March 8th, 2013

Question about applying to a school system

Thinking about moving to the school setting once I get my CCC's. Couple of questions

-The salary for an SLP in my district is posted on their salary pay scale online. Is this negotiable? I am doubting it, but can I negotiate anything like benefits, money for CEU's etc, when applying directly to the district?

-If I decide to go through a staffing agency such as EBS or Progressus Therapy, will I still be qualified for the loan forgiveness that SLPs can get if they work 5 years in a high need school?

-For those of you who are employed to staffing agencies such as EBS or Progressus, do you have the option for paid time off? I heard you only get paid on the days you work. No work=no pay. Also, do you get benefits from them such as 401k and medical insurance?

Double Majoring?

Has anyone here double majored in CSD and Spanish? I think I want to do that but I don't know how far it will set me back. How much longer does it take to graduate or were you able to graduate on time? Anyone who has double majored in anything else could chime in also. I really love languages and I figured that in this field knowing a bit of Spanish could help. I actually love French more but it isn't very practical for this field. I would minor in Spanish but I want more Spanish experience. So do you guys think this is a good idea? 

SLP's and Graduate Clinician's-- Advice please?!!

I am in my last sem of grad school and one of my rotations is in a SNF. My supervisor is incredibly new to working with adults (she only started the job 1 1/2 weeks prior to my internship-- I was supposed to have another SLP who was promoted). She often says she is learning from me. Red flags went up when she didn't know what CVA, TIA, thrush were, or how to mix water to a honey-thickened consistency. It is very much "do as I say, not as I do". I completely understand as students we just have to do as our supervisors tell us. However, she is having me do OT and PT exercises with pts (teaching them to use a sock aid, and actually doing PT exercises lifting legs, counting reps and all!). To give a clear example, she had me talk with a pt during a co-treat with PT and OT to "fully educate" them on pressure sores and explain why standing was good for leg muscles. I am at a complete loss as to how this has ANYthing to do with SLP. She even said it was not her responsibility to educate on this topic, but she took it upon herself. Additionally, she wants me to "fully educate" pts on nutritional facts that I feel go beyond hydration and nutrition for dysphagia (e.g., protein in diet, calcium, osteoporosis, potassium, etc).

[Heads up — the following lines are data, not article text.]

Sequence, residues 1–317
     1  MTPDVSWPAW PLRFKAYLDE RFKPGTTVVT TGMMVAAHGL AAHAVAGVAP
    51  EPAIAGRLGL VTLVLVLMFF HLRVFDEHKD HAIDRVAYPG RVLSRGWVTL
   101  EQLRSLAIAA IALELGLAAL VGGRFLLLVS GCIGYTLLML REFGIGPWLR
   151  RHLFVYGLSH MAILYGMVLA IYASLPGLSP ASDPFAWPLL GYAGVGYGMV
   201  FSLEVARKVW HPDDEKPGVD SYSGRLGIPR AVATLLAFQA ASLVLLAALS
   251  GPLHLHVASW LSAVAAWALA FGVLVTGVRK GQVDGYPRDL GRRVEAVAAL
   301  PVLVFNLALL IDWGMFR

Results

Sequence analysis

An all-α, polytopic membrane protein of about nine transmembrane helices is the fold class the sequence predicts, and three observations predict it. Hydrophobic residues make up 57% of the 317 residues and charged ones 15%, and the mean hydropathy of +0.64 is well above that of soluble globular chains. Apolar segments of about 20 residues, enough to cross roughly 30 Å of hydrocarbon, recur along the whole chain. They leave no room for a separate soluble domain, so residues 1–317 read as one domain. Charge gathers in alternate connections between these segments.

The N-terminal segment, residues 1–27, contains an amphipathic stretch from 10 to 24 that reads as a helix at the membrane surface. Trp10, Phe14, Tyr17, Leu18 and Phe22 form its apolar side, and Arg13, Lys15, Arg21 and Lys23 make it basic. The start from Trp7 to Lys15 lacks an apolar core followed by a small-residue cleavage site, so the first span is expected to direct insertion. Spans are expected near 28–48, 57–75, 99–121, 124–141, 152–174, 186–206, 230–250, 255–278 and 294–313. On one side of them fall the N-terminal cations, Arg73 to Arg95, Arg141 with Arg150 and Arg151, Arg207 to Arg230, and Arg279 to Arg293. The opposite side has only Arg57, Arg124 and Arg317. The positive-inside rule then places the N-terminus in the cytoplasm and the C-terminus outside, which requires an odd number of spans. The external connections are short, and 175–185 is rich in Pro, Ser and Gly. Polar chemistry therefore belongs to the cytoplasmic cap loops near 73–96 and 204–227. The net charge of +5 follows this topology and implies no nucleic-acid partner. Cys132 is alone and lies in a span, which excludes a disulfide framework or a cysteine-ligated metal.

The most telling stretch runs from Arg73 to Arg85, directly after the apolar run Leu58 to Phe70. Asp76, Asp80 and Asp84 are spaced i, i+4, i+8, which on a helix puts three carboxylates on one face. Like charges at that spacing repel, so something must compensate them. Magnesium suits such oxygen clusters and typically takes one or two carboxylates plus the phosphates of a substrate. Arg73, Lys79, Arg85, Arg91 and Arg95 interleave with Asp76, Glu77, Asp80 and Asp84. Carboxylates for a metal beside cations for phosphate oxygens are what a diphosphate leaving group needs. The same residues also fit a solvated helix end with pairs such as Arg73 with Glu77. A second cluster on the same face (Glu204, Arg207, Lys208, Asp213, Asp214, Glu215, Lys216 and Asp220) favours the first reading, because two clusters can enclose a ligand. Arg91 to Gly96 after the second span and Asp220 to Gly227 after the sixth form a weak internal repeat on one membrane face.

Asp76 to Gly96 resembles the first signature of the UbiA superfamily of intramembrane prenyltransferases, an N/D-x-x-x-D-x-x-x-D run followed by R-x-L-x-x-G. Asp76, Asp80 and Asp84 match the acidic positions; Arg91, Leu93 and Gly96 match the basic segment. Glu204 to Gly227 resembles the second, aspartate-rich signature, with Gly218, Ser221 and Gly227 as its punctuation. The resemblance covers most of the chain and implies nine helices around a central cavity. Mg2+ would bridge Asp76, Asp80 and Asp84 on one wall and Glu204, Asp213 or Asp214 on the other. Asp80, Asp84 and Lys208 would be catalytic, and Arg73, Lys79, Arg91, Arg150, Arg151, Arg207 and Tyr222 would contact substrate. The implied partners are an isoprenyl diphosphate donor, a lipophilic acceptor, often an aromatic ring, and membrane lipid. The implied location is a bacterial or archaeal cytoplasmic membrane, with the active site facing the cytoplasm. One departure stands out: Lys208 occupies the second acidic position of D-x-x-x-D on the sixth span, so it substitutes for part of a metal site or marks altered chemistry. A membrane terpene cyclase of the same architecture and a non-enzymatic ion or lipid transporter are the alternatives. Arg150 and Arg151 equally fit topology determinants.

I am the type of person who will always ask for help when I don't understand something-- and as a grad student in my last semester, this is one of the last chances I will have to utilize the advice and help of my supervisor before being an indep. clinician. However, when I respond to questions (none of which I've been taught!) with "I'm not quite sure" or "I would need some help with that" I was told: "You need to stop making excuses when we're trying to learn. It was so upsetting and disheartening because I just want to learn but I do need some guidance on the way.

The QUESTION: I have the option to pull the placement at midterm since I have another placement as well. What would you all recommend doing? This placement is roughly an hour and a half away and I feel I am being somewhat taken advantage of with the COTA and the PTA's when I'M doing their 45 min session in the "co-treat". Additionally, I don't appreciate the feeling of being degraded by being told I'm making excuses when I say I dont know something and genuinely mean it. She did get defensive when I said that it was a hurtful comment-- I feel so confused as to what to do. I personally feel like I want to pull. I would love to hear anyone else's opinions/ if anyone else has been in this same boat.

Thanks so much!